Threshold decryption of public-key encryption schemes allows the decryption key to be distributed among trustees. Then, to decrypt the ciphertext it requires at least threshold t trustees to run the decryption protocol in order to get the plain text.

Now, most of the literature is either based on generic multiparty computation (which I am not keen on for some reason) or based on distributed RSA decryption and sharing RSA functions.

Are there any other ways of achieving distributed asymmetric key threshold decryption?
Will elliptic curves be a good choice for distributing the decryption?

  • $\begingroup$ You can create a random symmetric key for each message, apply shamir secret sharing to it (symmetric secret sharing) and then encrypt each share with a different public key. $\endgroup$ Sep 6 '13 at 10:09
  • $\begingroup$ I heard about this technique from a colleague. but could not locate the actual reference of the paper . do u have it ? $\endgroup$
    – sashank
    Sep 6 '13 at 13:12
  • $\begingroup$ No idea if anybody wrote a paper about it. It's just a straight forward and useful combination of asymmetric encryption and shamir secret sharing. I came up with it myself and I expect many others to have done so before me. $\endgroup$ Sep 8 '13 at 13:31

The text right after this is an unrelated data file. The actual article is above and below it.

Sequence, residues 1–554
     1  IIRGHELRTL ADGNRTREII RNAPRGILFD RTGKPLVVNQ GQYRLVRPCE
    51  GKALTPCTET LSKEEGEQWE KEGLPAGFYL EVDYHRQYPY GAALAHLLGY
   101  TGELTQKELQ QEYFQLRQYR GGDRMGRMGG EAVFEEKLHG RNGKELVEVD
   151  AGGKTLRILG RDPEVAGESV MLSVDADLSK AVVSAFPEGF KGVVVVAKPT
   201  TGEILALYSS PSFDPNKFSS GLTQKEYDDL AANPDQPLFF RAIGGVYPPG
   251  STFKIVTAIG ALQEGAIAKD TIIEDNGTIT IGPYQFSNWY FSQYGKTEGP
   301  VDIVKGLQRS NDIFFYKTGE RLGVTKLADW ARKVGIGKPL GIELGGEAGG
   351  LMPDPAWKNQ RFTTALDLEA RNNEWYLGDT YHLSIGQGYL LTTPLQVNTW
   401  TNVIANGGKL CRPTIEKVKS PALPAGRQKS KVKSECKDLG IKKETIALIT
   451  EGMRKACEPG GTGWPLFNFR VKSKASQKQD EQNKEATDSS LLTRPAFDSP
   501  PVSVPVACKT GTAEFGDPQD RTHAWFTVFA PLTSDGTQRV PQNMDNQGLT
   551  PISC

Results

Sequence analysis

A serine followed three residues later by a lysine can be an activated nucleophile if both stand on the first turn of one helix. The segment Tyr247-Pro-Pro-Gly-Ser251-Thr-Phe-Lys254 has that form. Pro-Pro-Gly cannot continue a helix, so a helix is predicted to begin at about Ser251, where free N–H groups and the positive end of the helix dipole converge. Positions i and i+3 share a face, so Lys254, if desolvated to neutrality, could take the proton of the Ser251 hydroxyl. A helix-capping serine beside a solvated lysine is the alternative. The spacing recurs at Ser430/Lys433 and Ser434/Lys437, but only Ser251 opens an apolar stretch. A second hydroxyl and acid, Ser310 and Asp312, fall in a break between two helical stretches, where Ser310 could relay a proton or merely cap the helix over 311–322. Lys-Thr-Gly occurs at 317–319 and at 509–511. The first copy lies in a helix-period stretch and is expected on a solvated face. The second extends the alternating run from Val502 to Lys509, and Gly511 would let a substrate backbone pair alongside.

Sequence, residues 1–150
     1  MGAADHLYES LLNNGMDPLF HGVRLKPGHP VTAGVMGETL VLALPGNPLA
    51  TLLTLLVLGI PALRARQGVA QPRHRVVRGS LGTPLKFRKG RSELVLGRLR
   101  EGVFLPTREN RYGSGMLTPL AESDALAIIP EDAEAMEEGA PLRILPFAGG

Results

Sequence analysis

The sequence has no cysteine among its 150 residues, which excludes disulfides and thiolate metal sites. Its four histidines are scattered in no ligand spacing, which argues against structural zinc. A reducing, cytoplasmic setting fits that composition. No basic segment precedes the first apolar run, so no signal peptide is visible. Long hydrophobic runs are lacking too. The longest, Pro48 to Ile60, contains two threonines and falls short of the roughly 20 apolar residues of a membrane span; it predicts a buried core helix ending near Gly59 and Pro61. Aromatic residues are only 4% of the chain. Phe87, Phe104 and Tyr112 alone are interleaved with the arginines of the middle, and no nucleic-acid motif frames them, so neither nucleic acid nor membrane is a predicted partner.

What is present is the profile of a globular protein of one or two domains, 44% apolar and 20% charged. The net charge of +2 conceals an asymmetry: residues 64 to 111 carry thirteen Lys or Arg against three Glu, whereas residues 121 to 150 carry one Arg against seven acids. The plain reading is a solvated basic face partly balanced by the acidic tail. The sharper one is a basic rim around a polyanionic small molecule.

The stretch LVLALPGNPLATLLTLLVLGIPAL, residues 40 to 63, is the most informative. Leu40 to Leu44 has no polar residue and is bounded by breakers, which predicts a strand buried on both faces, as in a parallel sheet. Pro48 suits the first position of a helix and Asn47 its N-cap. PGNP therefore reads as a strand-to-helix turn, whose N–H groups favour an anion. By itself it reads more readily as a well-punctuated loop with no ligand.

• $\begingroup$ yes, some other colleague also impromptuly gave me this idea . but some how it is not fitting squarely in my application . thanks anyway ! $\endgroup$
    – sashank
    Sep 8 '13 at 15:03

I assume you say on the threshold encryption scheme, in which a dealer generates $(PK,SK_1,\dots,SK_n)$ and distributes the secret keys to users indexed by $1,\dots,n$, and if a combiner obtains $t$ partially-decrypted ciphertexts, it can retrieve a plaintext.

  • Dodis and Katz showed a generic construction of CCA-secure threshold encryption scheme from a secret sharing scheme and a CCA-secure labeled PKE scheme. See the paper, Dodis and Katz: Chosen-Ciphertext Security of Multiple Encryption (TCC 2005).
  • DDH-based constructions (in ROM) are proposed by Gennaro and Shoup: Securing threshold cryptosystems against chosen ciphertext attack (EUROCRYPT 1998, JoC 2002).
  • You can also find a pairing-based construction in Boneh, Boyen and Halevi: Chosen Ciphertext Secure Public Key Threshold Encryption Without Random Oracles (CT-RSA 2006).

Your Answer

By clicking “Post Your Answer”, you agree to our terms of service, privacy policy and cookie policy

Not the answer you're looking for? Browse other questions tagged or ask your own question.